The director of interiors and workplace strategy at Arney Fender Katsalidis explains why micro businesses should be thinking more about improving workplace design to up their ability to compete for talent.
Many businesses rely on one thing: people. Staff are recruited and retained. They are mentored and trained. They are cultivated and indoctrinated into the brand and culture. For any business, large or small, staff salaries and benefits are the largest operating expense. Smart companies realise that their people need to be armed with the proper toolkit to do their job efficiently.
Smarter companies view the workplace as part of this toolkit. If you imagine that a thoughtfully developed workplace design could eke out just a five per cent higher level of productivity in an office of 100 people, a savings of hundreds of thousands of a year could be achieved.
We are at an amazing time in workplace design. The conflux of technology-enabled staff, progressive management and a deeper understanding of the psychology of how we work is impacting not only our working lives, but our personal time out of the office as well. As we have the ability to work anywhere and collaborate with more sophisticated online tools, the traditional office is dead.
The workplace’s role in this brave new world is to bring people together with innovative tools, spaces and colleagues that they can’t find working at home or out of a Starbucks. Think of the office as the 17th century salon, but cooler. It is a club you want to belong to.
Take for instance the new regional headquarters in Montreal for international professional services firm Deloitte. Staff have the ability to work anywhere with a whole suite of online and mobile technologies. However, the “cool” factor of the offices with different spaces to work, better technologies for collaborating and colleagues to learn from, bounce ideas off of and collaborate with abound. Why work at home when you can choose this environment? For a business like Deloitte that believes their growth in Canada will come from the opportunities between their varying business units rather than growth in any one business unit, getting their staff to interact and build connections is paramount to the reason behind the design.
Rather than just offering staff the traditional three places to work – desk, office, meeting room – Deloitte staff work in a landscape of choices. From digitally enhanced brainstorming rooms, to breakout spaces, comfy libraries, cosy lounges and phone booths, the options are plentiful.
All in all, Deloitte provides 18 different immediate types of places to work depending on mood, task and number of people working together on the business unit floor.
The idea is to encourage highly mobile, intelligent staff capable of working anywhere to choose the “office” as their first option. While virtual communication is effective, nothing compares to meeting colleagues face to face and establishing those connections in person that allow the virtual to happen more smoothly. This allows the organisation to leverage the knowledge of each staff member from the serendipitous conversation in the lift or café or the organised meeting.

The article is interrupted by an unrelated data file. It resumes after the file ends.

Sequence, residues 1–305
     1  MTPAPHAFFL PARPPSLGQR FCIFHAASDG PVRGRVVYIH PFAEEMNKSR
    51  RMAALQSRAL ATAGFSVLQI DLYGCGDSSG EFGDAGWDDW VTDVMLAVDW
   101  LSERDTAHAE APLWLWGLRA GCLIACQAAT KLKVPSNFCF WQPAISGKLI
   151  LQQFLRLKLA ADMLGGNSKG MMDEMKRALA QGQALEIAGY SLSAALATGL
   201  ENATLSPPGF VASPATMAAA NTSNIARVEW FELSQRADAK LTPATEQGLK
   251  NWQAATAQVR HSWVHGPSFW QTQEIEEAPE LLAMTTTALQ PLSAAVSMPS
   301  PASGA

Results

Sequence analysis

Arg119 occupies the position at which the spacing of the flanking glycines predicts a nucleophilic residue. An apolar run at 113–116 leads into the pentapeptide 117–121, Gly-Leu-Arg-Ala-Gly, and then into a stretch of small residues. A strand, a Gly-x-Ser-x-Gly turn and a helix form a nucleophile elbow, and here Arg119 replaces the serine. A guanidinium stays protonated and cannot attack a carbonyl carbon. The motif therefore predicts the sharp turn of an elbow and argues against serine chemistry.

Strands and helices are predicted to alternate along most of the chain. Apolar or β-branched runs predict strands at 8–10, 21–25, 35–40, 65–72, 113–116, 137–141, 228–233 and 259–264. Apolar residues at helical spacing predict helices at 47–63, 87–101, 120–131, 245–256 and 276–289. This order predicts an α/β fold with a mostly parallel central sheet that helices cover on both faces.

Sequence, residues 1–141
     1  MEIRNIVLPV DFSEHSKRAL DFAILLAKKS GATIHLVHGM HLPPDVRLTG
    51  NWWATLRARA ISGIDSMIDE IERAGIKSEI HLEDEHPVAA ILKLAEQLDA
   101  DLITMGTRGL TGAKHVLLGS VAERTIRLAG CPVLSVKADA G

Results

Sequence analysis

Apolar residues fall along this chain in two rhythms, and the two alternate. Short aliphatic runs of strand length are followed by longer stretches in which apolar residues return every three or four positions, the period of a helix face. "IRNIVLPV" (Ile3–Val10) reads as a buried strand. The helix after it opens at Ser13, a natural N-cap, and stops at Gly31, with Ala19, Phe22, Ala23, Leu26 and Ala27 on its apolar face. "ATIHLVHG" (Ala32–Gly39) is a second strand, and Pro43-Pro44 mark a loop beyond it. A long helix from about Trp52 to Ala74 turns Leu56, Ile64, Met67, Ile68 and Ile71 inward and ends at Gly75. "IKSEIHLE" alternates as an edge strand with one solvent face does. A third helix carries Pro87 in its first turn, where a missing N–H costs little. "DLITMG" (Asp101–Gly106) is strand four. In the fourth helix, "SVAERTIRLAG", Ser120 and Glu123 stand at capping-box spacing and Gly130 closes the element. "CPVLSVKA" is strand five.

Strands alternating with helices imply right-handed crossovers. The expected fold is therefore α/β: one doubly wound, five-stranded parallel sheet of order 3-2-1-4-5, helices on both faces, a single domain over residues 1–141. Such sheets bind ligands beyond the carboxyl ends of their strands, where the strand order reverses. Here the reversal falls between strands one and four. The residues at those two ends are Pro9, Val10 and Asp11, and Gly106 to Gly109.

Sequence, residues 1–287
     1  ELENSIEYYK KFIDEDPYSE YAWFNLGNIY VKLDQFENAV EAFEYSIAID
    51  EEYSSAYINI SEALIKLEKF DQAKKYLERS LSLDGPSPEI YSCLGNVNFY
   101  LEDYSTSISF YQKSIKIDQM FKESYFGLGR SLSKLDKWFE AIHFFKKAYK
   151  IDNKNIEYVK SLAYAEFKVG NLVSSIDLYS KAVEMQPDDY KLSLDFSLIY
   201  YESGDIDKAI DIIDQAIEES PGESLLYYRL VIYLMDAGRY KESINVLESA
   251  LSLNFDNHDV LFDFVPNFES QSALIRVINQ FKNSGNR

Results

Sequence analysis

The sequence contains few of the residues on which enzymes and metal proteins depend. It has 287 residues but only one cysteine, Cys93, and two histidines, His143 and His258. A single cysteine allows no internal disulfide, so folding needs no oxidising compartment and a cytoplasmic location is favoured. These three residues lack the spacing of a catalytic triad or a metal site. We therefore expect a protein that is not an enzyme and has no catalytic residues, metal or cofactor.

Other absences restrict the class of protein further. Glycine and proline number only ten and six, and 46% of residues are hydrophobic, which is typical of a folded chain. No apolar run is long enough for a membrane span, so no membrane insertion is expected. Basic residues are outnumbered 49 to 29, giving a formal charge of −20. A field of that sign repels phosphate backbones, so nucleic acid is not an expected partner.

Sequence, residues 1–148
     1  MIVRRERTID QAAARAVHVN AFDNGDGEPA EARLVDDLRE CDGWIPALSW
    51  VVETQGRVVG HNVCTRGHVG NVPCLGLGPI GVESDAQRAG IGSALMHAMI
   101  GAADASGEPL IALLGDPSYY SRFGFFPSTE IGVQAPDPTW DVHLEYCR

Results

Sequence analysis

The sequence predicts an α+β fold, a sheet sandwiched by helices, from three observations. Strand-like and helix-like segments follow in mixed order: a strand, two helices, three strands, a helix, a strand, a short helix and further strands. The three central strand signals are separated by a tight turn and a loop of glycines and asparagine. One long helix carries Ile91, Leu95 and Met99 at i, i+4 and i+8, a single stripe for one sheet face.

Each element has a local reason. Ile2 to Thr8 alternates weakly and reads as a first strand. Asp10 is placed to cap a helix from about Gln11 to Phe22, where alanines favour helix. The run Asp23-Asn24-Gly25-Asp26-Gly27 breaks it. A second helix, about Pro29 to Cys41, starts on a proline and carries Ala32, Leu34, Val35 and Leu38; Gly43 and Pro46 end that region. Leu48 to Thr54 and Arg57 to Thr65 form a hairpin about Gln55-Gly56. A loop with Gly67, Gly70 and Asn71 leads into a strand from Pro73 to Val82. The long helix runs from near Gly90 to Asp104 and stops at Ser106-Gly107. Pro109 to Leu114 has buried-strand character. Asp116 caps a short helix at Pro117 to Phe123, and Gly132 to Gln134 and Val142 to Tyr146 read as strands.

Whilst Deloitte is a large organisation, the project provides lessons for smaller businesses that can benefit from some of the project’s successes. The first lesson I would suggest is “if you build it, they will come”. Spaces for collaboration and socialisation are important contributors to knowledge exchange in offices. Therefore, tea points can be designed as cosy, attractive spaces to draw people in and act as meeting places as well as small cafes. Not only do they create additional meeting space relieving pressure on client facing meeting rooms, they also encourage a different style of meeting and as a real benefit to the organisation.
Another key take-away is providing different spaces for different types of work. As mentioned, Deloitte has 18 different types of work settings available for staff. Though this might be a luxury too far-fetched for some small business, carefully editing this list down to a few additional options in the space such as 30 minute phone booths for one to two people to take conference calls or a private conversation can greatly increase productivity.
A final thing is make the design authentic to the business’ aspirations. Engage with your design team. Let them create a space that reflects your organisation’s culture. At Deloitte’s new building, branding colours are used very sparingly but for effect like on the stair, which is all about the connectivity of the business.
The brand is more conveyed by the openness and the juxtaposition of tailored versus raw finishes which reflect the integration of diverse business units like tax and consulting all housed under one new roof. All business, large and small, should find the places within design that celebrate the culture which is unique to your organisation.
Matthew Kobylar is the director of interiors and workplace strategy at architecture firm Arney Fender Katsalidis.
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